In 2015, most women, who don’t have disabilities, have a myriad of choices about how to manage their menstrual flow – there’s tampons, pads, the increasingly popular moon-cup.
However, women with disabilities who require support with personal care and hygiene do not have these same choices. For women with disabilities it’s either menstrual pads, or continence pads.
For other women there are less ‘choices’ and more consequences and they are sterilised with the sanction of their parents or guardians. Because of the lack of support to manage their menstrual flow, some women with disabilities even ‘choose’ sterilisation because the outcome results in the least restrictions on their lives.
Even when women with disabilities can make a ‘choice’ about how they would like to manage the ‘flow’, they can’t.
‘Why?’ you say.
These things are not what stop women with disabilities from having a choice of what product/method they use. No, it’s the over-fearful interpretation of Occupational Health and Safety (OHS) legislation that dictates the support women with disabilities receive.
This is legislation that originated in the mining industry because people were dying. It’s legislation which takes the least ‘dangerous’ approach, is applied globally and makes no exceptions. Therefore, it assumes that if a woman cannot move or speak you should use continence pads for every drop of bodily fluid.
The application of OHS and thoughts about support workers not being able to insert tampons have been in force for some years. This follows the logic of: tampons have to be ‘inserted’ into the opening of the vagina, therefore this equates to penetration.
Inserting a tampon for someone is delicate and should be done at their request and with care. However, supporting a woman with disability to use a tampon is no less invasive then supporting someone with a disability with other bodily functions.
Many people with disabilities require support with processes that could be described as penetrating bodily boundaries. This involves enemas, catheters, nasogastric tubes, ear cleaning, nostril cleaning, PEG feeding. Service providers and support coordinators find ways of performing these functions yet are very squeamish about tampons and menstrual cups.
This leaves many women with disabilities with little or no choice…it’s pads or pads…or other invasive surgical measures, such as hysterectomies and endometrial ablation. Only slightly less invasive options involve chemical sterilisation using Depo-Provera or Implanon to medically stop or control the menstrual flow.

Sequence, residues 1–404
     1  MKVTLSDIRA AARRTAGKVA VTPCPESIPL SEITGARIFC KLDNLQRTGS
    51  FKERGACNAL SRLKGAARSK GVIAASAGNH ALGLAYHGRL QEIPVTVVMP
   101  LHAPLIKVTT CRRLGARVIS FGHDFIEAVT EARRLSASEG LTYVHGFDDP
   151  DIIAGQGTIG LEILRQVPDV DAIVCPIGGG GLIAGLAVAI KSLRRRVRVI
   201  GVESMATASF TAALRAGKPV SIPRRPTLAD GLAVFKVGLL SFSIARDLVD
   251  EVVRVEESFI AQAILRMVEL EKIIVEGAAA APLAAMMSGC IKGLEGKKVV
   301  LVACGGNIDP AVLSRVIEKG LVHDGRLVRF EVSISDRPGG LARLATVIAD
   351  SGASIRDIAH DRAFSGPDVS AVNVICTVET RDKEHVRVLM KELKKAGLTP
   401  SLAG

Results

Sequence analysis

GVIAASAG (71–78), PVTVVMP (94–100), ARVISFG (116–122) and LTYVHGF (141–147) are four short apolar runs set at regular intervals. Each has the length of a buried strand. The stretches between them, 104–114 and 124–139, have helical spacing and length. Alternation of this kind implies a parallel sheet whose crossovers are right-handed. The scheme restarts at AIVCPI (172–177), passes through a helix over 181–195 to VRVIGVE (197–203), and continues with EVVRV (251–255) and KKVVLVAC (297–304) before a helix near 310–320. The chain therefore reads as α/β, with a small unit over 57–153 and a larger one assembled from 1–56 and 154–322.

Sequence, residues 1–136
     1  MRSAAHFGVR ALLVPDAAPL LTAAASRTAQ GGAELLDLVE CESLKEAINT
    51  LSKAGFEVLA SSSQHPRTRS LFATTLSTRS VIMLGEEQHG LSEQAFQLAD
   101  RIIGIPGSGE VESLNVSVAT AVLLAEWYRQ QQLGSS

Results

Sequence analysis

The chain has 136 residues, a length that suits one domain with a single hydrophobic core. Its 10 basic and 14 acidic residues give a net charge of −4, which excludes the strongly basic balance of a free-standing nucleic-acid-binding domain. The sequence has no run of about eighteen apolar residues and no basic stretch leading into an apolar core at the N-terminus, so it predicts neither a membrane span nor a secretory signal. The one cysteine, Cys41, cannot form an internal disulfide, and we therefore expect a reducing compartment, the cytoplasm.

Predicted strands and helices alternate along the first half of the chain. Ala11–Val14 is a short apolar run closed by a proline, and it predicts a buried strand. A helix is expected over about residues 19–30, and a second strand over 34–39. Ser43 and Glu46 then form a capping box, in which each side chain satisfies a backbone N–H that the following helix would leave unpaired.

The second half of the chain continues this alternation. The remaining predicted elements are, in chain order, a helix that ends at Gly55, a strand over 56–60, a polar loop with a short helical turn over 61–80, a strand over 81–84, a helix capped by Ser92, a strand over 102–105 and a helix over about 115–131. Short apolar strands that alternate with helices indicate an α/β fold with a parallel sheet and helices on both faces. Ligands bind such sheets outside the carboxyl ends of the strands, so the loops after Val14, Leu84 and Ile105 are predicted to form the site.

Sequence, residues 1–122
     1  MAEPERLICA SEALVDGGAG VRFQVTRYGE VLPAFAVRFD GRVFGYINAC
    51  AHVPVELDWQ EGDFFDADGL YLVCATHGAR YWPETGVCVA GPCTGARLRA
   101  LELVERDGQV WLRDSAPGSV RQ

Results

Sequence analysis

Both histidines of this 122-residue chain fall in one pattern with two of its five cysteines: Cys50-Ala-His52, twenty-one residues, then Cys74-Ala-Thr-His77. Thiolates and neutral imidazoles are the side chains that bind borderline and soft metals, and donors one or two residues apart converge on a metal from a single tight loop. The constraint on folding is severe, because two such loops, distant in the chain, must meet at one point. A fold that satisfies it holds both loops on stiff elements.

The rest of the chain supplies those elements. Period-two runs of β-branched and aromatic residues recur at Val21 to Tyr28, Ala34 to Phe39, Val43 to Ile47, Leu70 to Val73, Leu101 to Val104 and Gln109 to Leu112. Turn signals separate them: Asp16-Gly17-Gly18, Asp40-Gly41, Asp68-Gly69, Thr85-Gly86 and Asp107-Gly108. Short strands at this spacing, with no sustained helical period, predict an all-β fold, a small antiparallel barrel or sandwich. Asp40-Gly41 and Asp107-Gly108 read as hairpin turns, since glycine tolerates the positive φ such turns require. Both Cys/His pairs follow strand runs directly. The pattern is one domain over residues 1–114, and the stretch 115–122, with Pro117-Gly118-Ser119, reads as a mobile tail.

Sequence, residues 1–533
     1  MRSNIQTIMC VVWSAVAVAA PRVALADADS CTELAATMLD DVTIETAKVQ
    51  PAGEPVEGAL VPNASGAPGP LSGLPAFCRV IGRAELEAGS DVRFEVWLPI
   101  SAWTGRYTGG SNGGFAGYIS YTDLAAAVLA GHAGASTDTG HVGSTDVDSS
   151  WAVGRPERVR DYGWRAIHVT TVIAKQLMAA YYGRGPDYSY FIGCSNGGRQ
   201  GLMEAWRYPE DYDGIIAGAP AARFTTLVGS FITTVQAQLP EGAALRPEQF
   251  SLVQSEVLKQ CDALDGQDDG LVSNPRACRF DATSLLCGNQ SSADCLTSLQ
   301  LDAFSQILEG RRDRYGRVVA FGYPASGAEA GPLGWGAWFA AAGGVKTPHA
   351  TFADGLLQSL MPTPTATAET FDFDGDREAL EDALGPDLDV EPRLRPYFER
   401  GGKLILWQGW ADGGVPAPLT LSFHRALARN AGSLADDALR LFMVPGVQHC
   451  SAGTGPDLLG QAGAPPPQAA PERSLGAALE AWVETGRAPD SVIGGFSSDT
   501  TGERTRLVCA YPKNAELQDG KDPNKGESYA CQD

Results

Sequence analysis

Menstruation was discussed in the hearings of the Senate Inquiry into “Involuntary or coerced sterilisation of people with disabilities in Australia in 2013¹. One woman explained that while at home with her family’s assistance she had been using pads and tampons, but once living independently, the situation changed:
So that I could self-toilet, or go to the toilet by myself, I stopped wearing underwear. This meant that pads were no longer an option. When I approached the service—a large service—that was supporting me, about tampons, I was told in no uncertain manner that tampons were not an option.
Eventually I made the choice, given those circumstances, of having no other choice and not being able to use tampons like every other woman, to have endometrial ablation and have my tubes tied².
This is not an uncommon story. But more common is women with disabilities not having a choice about how to manage their menstruation. Also, too common is women with disabilities being sterilised to prevent them, or their families from having to deal with a natural and expected part of womanhood: menstruation.
So this International Women’s Day, let’s make it happen. Let’s have real conversations about supporting women with disabilities to have the support they need. This includes tampons should they make that choice.
Fran Vicary is a well-known advocate for the rights of people with disability. She has a Masters in literature and is former CEO of the Queensland Disability Network. Fran was on the on the NDIS Advisory Group and the NDIS Expert Group and is currently director assistive technology, community living and learning for Yooralla, Victoria’s largest disability service provider.
1. Senate inquiry, 2013: “Involuntary or coerced sterilisation of people with disabilities in Australia” Source: http://www.aph.gov.au/parliamentary_business/committees/senate/community_affairs/involuntary_sterilisation/first_report/c02
2. Senate inquiry 2013: Proof Committee Hansard, 30 January 2013, p. 3.